Perception is not reality.

I take naff all responsibility for the lighbulb moment behind this post – @SpeccyWoo  and @sarknight have been duly awarded that honour – however I will admit that the content is all me.

I had the term *frightening* (in a playful banter stylie – natch) levelled at me by @SpeccyWoo yesterday – the reason why escapes me now – we were debating singers or some such nonsense I think…  Anyway the banter continued on in the same vein this morning. 

This isn’t new news to me as I’ve been told many times that I’m intimidating.  At work this happens a lot, and every now and again socially too.  I think it’s largely because I’m a bit of a gobshite (sorry – couldn’t think of a better descriptor) when I want to be, highly (and apparently, annoyingly) independent, don’t suffer fools and am quite direct in how I express myself, and my opinions.    

Frightening and intimidating aren’t brilliant words to be used to describe someone.  Especially when that someone is you.  Its not a complaint.  Merely an observation.  And I’ve accepted after many years that this is how I come across.

The caveat to be applied here is that my closest friends – the people who know the *real* me (a small but perfectly formed crew) – know what I’m really like.  I love my own company to the point of being told off for making like a hermit on occasion, I’m uber shy when plonked into a new social dynamic, think way too much for the average girl, hate being the centre of attention and am totally crap if you even vaguely pay me a compliment. 

On the positive side I regularly fall off the planet, dive into a bucket of wine and act like I don’t have a care in the world.  In addition to that I take total responsibility for providing my girlfriends with amusing stories about my love life, and the fruit loops I’ve met along the way. Plus you can always guarantee that I’m up for a party and dancing my ass off at the drop of a hat.   I know how to have fun.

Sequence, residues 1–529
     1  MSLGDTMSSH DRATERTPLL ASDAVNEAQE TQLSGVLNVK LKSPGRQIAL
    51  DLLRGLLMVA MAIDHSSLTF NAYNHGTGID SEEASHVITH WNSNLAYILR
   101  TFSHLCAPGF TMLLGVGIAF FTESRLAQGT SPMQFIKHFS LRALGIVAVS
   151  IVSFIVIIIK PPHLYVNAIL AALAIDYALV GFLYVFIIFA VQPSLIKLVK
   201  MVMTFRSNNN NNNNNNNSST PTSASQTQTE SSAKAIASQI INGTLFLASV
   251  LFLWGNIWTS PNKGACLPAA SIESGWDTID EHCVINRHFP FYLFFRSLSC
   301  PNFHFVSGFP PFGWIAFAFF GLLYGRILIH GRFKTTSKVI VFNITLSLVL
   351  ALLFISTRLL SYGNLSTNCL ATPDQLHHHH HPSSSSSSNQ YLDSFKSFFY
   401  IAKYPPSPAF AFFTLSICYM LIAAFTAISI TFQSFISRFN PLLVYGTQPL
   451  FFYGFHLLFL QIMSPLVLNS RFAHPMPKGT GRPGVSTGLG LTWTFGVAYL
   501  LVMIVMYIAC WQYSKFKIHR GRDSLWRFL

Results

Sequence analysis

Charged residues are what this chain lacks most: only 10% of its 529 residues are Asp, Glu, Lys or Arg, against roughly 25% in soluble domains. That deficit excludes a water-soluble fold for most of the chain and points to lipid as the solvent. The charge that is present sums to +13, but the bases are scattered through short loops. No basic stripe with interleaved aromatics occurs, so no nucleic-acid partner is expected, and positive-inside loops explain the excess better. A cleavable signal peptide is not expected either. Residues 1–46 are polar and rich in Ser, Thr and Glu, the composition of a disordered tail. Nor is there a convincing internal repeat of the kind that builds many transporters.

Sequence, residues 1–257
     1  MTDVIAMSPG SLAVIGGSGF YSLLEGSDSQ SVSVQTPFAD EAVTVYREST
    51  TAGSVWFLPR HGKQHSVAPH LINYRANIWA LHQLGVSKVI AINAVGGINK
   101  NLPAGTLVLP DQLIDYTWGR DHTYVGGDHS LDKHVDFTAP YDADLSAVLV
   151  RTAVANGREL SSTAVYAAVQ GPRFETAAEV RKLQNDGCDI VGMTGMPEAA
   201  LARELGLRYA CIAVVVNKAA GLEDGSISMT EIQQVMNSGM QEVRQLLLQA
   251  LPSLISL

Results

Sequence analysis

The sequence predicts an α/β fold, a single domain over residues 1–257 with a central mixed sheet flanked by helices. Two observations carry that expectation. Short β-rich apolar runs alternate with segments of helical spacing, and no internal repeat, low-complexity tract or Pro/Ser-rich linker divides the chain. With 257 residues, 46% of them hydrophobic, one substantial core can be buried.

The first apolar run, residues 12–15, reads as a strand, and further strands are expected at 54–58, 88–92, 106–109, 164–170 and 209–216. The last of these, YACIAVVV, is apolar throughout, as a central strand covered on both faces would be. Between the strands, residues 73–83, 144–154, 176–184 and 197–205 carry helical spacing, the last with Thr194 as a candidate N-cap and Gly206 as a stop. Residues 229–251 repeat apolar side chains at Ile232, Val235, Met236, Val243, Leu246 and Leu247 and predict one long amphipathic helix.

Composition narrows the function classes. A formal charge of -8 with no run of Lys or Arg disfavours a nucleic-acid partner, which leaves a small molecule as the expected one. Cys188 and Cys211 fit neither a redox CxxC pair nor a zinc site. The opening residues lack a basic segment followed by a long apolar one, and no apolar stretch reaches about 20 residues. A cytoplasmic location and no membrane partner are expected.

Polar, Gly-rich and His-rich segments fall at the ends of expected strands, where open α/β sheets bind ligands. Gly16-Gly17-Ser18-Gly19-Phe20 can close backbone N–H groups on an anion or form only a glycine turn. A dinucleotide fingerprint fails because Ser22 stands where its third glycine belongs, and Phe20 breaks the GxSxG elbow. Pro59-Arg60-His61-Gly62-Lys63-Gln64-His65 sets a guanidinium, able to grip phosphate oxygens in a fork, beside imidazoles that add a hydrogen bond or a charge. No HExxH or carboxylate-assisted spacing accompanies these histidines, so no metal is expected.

You get the picture?  Basically I’m human.  Perfectly imperfect and totally fallible.

Now I work in a highly visible role within our organisation.  I look after internal communications therefore EVERYONE knows exactly who I am.  It doesn’t take a genius to work out that no organisation could / should or would tolerate an internal communications person that has a major *shy* attack every five minutes.  Computer simply says no. 

So bombastic and highly opinionated (B&HO) Mel comes out to play at work – the rest of the time it’s just little old me.   And that works 90% of the time. 

The other 10% of the time?  Well sometimes people decide that they prefer the full on B&HO version.  And you know what?  If they do, then that’s their loss, not mine.   The way I see it everyone’s a winner with this scenario.  Work get the best person for the job.  I get to dip my toe into both worlds. And my friends get someone they can laugh at, and more importantly with, who on occasion also helps to brighten things up.

So in my humble opinion perception isn’t always reality.

4 thoughts on “Perception is not reality.

  1. I think you described Nina Simone as frightening when I was trying to get her played, at which point I replied, “You’re frightening, but I still listen to you”. That said, from what I know of you, I don’t find you frightening or intimidating in the least.

    But let us throw a spanner in the works here. If you take a Sartrian view, we are as other people see us. The reality isn’t the one that we want to exist but the one that people see. However, fair or unfair we think it is, the collective view is the reality. All that we can do to change it is to act. [wo]Man is defined by their actions, not their intentions.